Everyone these days is a food ‘expert’ (or critic). They photograph their food, they express their opinions freely, publicly and vocally and have no qualms about castigating somewhere that didn’t measure up to their expectations. Conversely, they rave about great gastronomic experiences, service and venues.
However it renders sites like my restaurant review blog, Hobart Food for Thought, which I have been penning for 8 years, superfluous.
So, with my passion for hospitality, food and dining out, I thought I would write a series of articles on a food-related subject: some different personalities currently working in the hospitality industry in Hobart, and try to paint for you a slightly different picture of this unique world of hospitality.
I decided to capture an average cross section of staff, so picked a waiter, a couple who own a pub, and a chef. None of them were/are my personal friends so no conflict of interest was involved.
I wanted to basically gauge the current temperature, as it were, of today’s world of hospitality and see what various participants are thinking. Get into their heads. Examine their day-to-day highs and lows.
All were asked roughly the same questions, and permitted to wander off on a tangent if that’s where the conversation took us!
My first ‘victim’ is a waiter who prefers to remain anonymous, and so he shall. I’ll name him Sam.
Sam is 28 years old, and a uni student. He is doing what so many students do – work their way through uni. His degree is in journalism and sociology, and he will finish uni next year. Despite the waiting work being a means to an end, he wouldn’t mind staying on in the industry following his degree, but not in the service side.
In his observations of the industry, he believes that some business owners shoot themselves in the foot whilst trying to shave costs and make money. Raising the menu prices means cutting out many of the younger diners who simply won’t put their money to a meal with hugely inflated prices (and possibly not offering that much more value). They compare places, and they know exactly what they like, and realise there are plenty more venues in Hobart to choose to spend their money in.
I asked about pet peeves, and funnily enough got the same response from 3 of my personalities! This hugely annoying issue is people who arrive at a venue, with over 4 people in the group, and with no booking, and who then get very angry that the restaurant can’t accommodate them. This is particularly annoying on a Friday night when it’s frantically busy in both front of house and back of house.
He also hates people who call into the restaurant at any time of the day or night to drop off their resume. FYI - these resumes get binned immediately! I asked what the best scenario for someone wanting work in his workplace would be. He suggests coming in with their resume at around 5.30 to drop it off. The restaurant opens at 6.00 so this is a reasonable time to come in, and shows an acknowledgement of the fact that they are serious about their jobseeking but also respectful of the fact that the business is a busy place of work and not concerned at that time of day with hiring anyone.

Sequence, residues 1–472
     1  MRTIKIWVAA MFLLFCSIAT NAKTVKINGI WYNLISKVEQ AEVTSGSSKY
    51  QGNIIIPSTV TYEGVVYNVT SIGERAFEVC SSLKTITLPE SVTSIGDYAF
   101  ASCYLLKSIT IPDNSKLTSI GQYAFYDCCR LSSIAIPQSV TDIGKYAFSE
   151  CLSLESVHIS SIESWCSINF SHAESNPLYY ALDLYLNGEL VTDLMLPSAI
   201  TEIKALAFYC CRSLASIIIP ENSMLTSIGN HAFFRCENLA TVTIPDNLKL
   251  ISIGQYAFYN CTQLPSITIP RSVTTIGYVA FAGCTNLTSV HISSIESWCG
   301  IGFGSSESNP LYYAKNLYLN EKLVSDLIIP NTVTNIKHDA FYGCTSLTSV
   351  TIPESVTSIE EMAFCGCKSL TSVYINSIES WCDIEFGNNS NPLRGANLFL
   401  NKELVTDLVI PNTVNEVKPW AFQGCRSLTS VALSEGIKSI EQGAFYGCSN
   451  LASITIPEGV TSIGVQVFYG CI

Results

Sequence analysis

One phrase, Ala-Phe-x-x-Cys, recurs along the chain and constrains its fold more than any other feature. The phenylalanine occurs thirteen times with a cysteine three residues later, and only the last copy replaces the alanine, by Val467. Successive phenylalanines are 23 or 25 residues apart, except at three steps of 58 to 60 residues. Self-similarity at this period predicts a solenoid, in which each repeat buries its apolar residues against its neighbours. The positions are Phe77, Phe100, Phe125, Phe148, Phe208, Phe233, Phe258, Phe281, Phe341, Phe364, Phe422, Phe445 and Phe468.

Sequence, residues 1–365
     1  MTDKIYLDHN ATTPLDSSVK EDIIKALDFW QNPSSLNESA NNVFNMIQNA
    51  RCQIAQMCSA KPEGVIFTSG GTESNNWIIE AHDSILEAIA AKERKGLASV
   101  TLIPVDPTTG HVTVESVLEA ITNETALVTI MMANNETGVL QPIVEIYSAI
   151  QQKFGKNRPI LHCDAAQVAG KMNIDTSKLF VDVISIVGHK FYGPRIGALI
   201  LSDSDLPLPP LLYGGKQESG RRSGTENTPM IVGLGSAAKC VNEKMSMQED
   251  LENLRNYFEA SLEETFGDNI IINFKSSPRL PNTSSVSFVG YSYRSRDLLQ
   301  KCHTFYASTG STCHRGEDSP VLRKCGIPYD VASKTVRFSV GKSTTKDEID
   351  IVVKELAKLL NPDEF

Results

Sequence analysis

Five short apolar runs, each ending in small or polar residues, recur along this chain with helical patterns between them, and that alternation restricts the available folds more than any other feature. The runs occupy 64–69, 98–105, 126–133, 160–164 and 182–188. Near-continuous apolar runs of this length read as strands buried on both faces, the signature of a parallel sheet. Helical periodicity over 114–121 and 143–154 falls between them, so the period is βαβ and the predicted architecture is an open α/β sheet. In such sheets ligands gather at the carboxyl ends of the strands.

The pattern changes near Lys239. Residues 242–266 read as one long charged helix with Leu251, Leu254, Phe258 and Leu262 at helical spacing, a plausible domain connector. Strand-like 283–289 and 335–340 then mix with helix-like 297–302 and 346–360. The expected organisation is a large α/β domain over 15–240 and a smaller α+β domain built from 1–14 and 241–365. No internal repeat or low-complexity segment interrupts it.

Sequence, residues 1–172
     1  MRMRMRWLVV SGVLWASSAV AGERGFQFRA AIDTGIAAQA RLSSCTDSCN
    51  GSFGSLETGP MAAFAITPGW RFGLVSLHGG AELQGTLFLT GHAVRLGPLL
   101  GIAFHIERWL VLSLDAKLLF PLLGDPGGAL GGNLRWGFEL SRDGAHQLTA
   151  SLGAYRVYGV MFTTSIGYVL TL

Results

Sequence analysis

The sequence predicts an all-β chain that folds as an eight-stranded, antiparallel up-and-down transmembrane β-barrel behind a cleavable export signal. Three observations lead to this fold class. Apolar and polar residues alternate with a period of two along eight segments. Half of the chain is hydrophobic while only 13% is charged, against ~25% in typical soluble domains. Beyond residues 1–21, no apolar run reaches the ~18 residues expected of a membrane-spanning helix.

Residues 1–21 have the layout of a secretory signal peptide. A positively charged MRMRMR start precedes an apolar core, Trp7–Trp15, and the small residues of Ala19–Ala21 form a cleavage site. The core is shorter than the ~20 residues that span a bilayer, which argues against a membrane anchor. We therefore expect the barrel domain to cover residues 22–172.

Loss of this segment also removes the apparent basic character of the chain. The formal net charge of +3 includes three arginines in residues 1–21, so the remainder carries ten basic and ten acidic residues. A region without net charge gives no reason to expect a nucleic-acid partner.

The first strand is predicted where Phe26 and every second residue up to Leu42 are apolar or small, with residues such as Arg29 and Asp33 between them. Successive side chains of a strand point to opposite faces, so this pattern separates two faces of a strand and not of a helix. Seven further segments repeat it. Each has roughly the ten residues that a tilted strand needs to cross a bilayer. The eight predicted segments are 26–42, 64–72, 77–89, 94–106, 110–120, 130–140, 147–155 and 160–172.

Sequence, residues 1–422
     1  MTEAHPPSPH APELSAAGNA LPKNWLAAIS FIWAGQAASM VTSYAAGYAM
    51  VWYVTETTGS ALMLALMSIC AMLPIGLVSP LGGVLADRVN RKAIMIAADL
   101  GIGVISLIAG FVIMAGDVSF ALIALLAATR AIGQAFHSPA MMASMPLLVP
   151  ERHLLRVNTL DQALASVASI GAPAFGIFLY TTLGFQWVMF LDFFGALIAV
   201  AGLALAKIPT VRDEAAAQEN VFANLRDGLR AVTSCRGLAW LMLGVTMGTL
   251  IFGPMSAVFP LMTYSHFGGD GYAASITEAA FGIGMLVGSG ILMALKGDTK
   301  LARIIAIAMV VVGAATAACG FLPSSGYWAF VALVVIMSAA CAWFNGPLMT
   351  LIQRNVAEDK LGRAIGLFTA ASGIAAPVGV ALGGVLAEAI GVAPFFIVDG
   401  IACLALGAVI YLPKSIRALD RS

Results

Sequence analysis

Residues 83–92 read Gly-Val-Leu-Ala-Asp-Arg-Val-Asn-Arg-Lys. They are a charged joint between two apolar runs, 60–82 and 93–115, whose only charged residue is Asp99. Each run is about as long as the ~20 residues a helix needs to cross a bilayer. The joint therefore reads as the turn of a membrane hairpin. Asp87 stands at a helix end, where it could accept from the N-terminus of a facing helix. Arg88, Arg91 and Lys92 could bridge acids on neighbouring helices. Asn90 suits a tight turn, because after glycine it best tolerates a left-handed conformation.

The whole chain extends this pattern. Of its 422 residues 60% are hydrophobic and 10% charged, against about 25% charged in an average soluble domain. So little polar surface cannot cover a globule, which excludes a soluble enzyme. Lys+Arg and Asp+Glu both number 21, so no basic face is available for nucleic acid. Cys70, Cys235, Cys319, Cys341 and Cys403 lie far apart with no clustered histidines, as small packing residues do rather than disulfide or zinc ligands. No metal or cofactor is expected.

If you’re doing a shift on trial, he suggests using your initiative, and not just standing there awaiting instructions from busy staff. Watch and do, is his advice. There is always some cleaning, or clearing back a table, to do.
He derives immense satisfaction from having completed a good night at work, where all the customers leave happy.
Working in such a tightly knit team means your workmates become your second family, with staff developing an ‘us’ versus ‘them’ mentality in regard to the customers.
He pointed out that generally the staff just want to make their customers happy. You can never please everyone, and there will always be some customers who are unhappy with aspects of their experience no matter what you do.
When you post a bad review online on a site like Eating Out in Tassie, you can really damage a business. You shouldn’t feel embarrassed about complaining. If you have a problem with something, raise it immediately with staff.
He related a story to me of a man who complained that his $32 spatchcock was too juicy and had run into his polenta. He was in a party of three people, and demanded all three meals be provided free of charge. He was also angry because his name had been mispronounced! Needless to say, no money was refunded and no meals were provided free! A juicy spatchcock is most definitely not grounds for complaint for any reasonable human being!
I enquired where his favourite places to eat were, when he had a night or day off. He named Ginger Brown, Pligrim, Café Kara, Solo and Berta. He considers the guys at Pilgrim to be Hobart’s biggest movers and shakers, as they cover lots of bases with their food and drinks. He also predicts food trucks as the next big thing for Hobart, and can’t understand Hobart City Council’s hard line policies which make it nearly impossible to get a venture like this up and running. “You’d think they’d encourage food trucks round the city to attract people” into the central area.
To sum up my chat with Sam, he mostly loves his work which admittedly is a stepping stone in his life. His observations on eating out in Hobart at the moment are that the $10 bar meals, cheap parmys and burgers are really meals for those on a budget, and hence not really deserving of the huge amount of online reviews they get.
I came away with a sense of hope and happiness that the world of waiting was still in very safe hands in this young generation of waitstaff. I loved Sam’s passion for, and interest in, his workplace and current career.
Thank you Sam for sharing.